12 August, 2019

Misunderstanding Multiscattering

Today we will build a state-of-the-art multiscattering GGX BRDF for physically-based rendering.

Already done you say? Yes, you're right, by people who understand maths and physics, that's cheating. We instead will try to do the same trying to learn as little as possible...

If you want to do this the right way instead, these are some excellent articles:

Let's start from your vanilla contemporary GGX with all the correlated-Smith fixings. The following sequence of images is generated with Disney's BRDF explorer environment lighting mode. They show a metallic GGX withy varying roughness, from 0.3 to 0.9, using the common parametrization alpha = roughness squared.
Note: please always indicate the parametrization you are using in your articles and presentations. There are so many variants out there. Here I use one of the most common ones, even if, for what is worth probably the best idea is alpha = roughess^4, which is more perceptually linear and also manages to be a great approximation for the one-over-square-root Blinn-Phong Gloss to GGX mapping many engines prefer.

We can notice how at high roughness the material looks noticeably darker. This is annoying, and smart people have worked hard to find and fix this issue.

Let's compare the image above with Kulla/Conty's Multiscattering GGX BRDF.

Fixed!

Now, we could try to understand how this solution work, the math is already there. And you probably should, it's both interesting and useful to understand other related problems. But, let's try not to...

First of all, we should ask why is this a problem? How do we know it is a problem? And also, if it is a problem, how big of a problem it is?

Let's start at the top. Why do we like "PBR"? It's not because we like physics, at least, I don't... And if we did like physics, this would be a small error to focus on, considering that we are surely committing worse sins in our end-to-end image pipeline...

Computer graphics is not predictive rendering. We don't try to simulate physics to make accurate simulations, that's not a goal (and the people who care about physics are an order of magnitude ahead of us). We make pretty pictures.

At a given point, we noticed that using some physics to make pretty pictures allowed for easier workflows, decoupling materials from lighting, reducing the number of hacks and parameters, allowing to use libraries of real materials and so on.
We thought artists would be happier and be able to work more efficiently, while still being able to create a lot of different scenes. It took a while to move over all our workflows, but it was the right call.

So, when we look for right and wrong, we have to start with art and artists. If there is a need we can identify there, then we can look at physics to see if the answers are there. In this case, we can say that yes, indeed we have a (small) problem.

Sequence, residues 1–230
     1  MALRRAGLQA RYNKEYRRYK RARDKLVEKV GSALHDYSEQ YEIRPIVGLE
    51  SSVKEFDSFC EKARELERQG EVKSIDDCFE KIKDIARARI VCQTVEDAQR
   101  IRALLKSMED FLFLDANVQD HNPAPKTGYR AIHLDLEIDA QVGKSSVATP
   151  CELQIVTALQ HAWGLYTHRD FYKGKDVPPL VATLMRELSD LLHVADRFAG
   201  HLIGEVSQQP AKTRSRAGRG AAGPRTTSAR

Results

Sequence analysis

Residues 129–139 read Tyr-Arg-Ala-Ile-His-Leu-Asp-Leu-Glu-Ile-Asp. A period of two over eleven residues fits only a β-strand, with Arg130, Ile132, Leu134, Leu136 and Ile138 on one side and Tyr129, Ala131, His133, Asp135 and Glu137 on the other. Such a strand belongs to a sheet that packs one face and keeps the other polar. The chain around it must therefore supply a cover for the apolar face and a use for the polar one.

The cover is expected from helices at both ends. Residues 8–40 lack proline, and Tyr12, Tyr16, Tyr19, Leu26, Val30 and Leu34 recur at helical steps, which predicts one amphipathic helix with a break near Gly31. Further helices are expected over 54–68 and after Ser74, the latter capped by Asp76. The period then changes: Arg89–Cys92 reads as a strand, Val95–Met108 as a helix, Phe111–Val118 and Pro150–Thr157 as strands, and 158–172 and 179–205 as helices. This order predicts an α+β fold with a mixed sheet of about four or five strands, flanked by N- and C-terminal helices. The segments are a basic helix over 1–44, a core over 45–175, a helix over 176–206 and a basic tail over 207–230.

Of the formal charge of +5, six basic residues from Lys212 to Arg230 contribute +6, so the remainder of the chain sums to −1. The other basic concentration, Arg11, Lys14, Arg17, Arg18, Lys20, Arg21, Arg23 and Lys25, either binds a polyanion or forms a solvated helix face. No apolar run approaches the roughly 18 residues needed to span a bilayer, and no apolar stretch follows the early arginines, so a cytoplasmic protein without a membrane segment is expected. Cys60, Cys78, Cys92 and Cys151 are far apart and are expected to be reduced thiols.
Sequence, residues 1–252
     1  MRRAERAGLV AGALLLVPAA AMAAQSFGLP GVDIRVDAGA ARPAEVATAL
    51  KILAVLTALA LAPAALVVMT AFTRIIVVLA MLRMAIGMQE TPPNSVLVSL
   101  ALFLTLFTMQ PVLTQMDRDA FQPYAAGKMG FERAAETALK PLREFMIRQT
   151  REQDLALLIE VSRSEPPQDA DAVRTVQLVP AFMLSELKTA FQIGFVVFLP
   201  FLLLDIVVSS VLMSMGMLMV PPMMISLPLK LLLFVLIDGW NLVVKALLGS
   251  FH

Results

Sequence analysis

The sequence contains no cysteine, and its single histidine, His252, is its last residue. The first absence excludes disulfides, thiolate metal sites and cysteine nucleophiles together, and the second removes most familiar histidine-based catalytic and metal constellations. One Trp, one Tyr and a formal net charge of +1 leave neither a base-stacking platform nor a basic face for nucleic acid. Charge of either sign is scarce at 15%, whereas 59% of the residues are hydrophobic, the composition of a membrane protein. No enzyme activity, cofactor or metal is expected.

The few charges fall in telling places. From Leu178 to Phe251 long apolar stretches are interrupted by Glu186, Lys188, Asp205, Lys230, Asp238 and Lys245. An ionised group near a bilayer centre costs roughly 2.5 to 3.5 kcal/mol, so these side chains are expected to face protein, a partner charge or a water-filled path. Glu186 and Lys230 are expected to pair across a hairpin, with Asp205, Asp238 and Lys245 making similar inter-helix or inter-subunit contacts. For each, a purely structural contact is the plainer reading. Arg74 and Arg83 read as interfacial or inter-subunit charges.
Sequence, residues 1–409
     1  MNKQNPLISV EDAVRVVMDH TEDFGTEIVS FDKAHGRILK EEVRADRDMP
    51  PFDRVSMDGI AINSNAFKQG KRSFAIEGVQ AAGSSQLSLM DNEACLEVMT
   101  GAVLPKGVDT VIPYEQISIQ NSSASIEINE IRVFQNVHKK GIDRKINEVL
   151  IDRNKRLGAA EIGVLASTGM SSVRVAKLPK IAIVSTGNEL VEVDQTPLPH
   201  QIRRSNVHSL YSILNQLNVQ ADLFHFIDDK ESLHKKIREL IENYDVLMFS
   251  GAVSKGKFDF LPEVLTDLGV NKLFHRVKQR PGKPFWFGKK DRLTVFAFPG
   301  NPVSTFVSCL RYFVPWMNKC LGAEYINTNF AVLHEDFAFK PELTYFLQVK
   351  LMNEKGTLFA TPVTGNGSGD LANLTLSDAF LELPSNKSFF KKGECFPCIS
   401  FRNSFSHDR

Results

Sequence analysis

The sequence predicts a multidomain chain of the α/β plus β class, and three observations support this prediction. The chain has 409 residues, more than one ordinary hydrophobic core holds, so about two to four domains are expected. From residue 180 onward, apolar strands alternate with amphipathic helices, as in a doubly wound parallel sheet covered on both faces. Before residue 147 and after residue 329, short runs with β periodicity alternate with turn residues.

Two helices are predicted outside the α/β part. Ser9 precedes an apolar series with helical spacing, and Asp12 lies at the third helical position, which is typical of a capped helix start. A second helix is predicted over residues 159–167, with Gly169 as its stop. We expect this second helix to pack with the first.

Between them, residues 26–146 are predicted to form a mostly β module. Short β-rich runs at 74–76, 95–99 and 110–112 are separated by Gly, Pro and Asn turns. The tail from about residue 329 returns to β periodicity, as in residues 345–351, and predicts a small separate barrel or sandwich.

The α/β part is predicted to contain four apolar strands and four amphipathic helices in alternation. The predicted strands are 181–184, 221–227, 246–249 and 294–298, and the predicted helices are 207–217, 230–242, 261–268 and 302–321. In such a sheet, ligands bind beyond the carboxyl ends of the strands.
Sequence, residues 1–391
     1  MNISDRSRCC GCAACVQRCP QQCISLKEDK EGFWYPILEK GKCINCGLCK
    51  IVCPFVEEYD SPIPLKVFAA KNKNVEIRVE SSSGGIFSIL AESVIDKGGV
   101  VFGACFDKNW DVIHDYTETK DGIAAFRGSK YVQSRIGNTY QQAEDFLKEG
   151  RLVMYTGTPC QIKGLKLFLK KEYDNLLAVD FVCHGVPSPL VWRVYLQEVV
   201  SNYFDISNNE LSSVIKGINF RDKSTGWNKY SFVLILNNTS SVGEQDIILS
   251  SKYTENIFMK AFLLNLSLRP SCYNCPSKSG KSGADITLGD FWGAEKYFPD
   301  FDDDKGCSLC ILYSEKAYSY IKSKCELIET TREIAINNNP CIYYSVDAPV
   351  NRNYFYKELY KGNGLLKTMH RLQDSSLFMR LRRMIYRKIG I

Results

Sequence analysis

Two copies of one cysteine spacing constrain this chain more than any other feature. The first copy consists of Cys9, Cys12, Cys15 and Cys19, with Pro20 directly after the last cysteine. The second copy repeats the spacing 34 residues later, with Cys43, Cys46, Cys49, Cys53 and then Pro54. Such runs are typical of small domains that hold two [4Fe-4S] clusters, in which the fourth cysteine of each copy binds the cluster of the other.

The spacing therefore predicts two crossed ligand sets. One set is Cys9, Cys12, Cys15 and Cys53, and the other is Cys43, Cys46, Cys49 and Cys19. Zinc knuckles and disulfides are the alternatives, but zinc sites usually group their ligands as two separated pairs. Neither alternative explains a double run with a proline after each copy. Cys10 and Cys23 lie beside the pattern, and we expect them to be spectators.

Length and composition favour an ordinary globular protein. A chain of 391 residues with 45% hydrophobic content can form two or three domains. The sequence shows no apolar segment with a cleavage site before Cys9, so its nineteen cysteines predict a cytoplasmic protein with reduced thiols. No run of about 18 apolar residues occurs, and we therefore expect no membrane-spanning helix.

It would be nice if our material parameters were orthogonal, and having things go darker as we change roughness is not ideal.

Let's move to step two then. Can physics help? Is this darkening physically correct, or not? How do we test? Enter the furnace! Let's put our "GGX coated" metallic object in a uniformly lit environment and see what happens:

Light hits our surface, hits our microfacets. The microfacets reflect back some light, and refract some other, according to Fresnel. If we're assuming a metal people told us that the refracted light, that goes "inside" the surface, is quickly absorbed and never comes out (becomes heat).

It's reasonable that even in a furnace our metallic object has a color, as some of the energy will be absorbed. But what if we take our microfacets and make them always reflect all the light, no absorption?
This means we need to set our f0 to 1 (remember, Fresnel is what controls how much light the microfacets scatter), let's try that and see what happens:

The object is still not white. Something's wrong! Ok, the inquisitive reader might still say - how do you know it's wrong. Perhaps certain directions scatter more light and others less, so we still see some shading even if all the light eventually comes out...
If we think of BRDF and lobes it's not easy to get correct intuition. Let's instead think of how a light path, starting from the camera, looks like. It might hit some of the microfacets, one or many times, bounce around then eventually escape and connect to the furnace environment which will always be a emitting a given contant energy.
How much of that energy reaches the camera? All of it! Because regardless of which and how many microfacets we hit, all the energy is reflected and none is absorbed.

Now we have an intuition of why the image above should be white, it isn't, so we have a problem in our math...

If you studied BRDFs you know that in microfacet model we have a masking-shadowing visibility function that models which microfacets are occluded by others. What we don't typically model though is the fact that these occlusions are themselves microfacets, so the light should bounce around and eventually get out, not just be discarded.
This is what the multiscattering models model and fix, and indeed if we did put in a furnace Kulla and Conty's GGX that we have shown before, it would generate a boring and correct white image for a fully reflective material, regardless of its roughness.